Steric as well as electronic factors affect the rate at which H• is transferred between a transition metal and the carbon of a double bond. However, the weak M-H bonds of the firstrow metals, particularly vanadium, make them uniquely effective in this regard.
Such reactions can be used in the catalysis of chain transfer during radical polymerizations. In this process a metalloradical abstracts H• from a chain-carrying radical, transfers it to the double bond of a monomer, and starts a new chain. The resting state of traditional cobalt chain-transfer catalysts is the Co(II) metalloradical, but both the metalloradical and the hydride are present during the operation of newer (Cr) catalysts. Success at catalyzing chain transfer requires (1) that the M-H bond not be too much stronger than the 50 kcal/mol C-H bond in chain-carrying radicals, and (2) that M• be stable enough to discourage the formation of bonds other than that to hydrogen.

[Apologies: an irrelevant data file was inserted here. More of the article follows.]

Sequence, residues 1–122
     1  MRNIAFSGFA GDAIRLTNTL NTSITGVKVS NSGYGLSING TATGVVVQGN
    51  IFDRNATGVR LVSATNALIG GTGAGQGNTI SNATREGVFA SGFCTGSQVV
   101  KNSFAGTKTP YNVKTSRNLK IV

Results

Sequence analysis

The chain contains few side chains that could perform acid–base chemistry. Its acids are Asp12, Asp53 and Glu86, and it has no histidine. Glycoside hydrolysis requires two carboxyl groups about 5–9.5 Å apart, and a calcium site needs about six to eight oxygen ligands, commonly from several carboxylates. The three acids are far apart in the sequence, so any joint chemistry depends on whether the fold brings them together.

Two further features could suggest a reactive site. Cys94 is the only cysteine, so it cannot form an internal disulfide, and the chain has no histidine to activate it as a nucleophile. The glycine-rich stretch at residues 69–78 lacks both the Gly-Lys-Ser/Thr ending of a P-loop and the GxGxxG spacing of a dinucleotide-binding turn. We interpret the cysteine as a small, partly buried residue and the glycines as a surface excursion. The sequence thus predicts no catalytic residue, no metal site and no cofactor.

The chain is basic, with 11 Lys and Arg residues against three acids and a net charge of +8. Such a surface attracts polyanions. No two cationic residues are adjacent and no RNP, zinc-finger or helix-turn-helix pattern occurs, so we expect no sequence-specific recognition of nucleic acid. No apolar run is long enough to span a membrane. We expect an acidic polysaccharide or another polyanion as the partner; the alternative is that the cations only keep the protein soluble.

CpCr(CO)3H and HV(CO)4(P-P) can be used to initiate radical cyclizations by transferring H• to activated terminal olefins. However, the resulting radicals must cyclize quickly; competing reactions include transfer of a second H• (resulting in hydrogenation) and removal of an H• (resulting in isomerization) (Scheme 8). Cp(CO)3CrH is relatively slow at H• transfer, but can be regenerated with H2 gas, enabling it to carry out reductive cyclizations catalytically; vanadium hydrides HV(CO)4(P-P) are faster but operate stoichiometrically.
"Initiating Radical Cyclizations By H• Transfer From Transition Metals", J. Hartung, M. E. Pulling, D. M. Smith, D. X. Yang, and J. R. Norton, Tetrahedron 2008, 64, 11822-11830.
"The Effect of Steric Congestion on the Activity of Chromium and Molybdenum Metalloradicals as Chain Transfer Catalysts during MMA Polymerization", L.-H. Tang and J. R. Norton, Macromolecules 2004, 37, 241-243.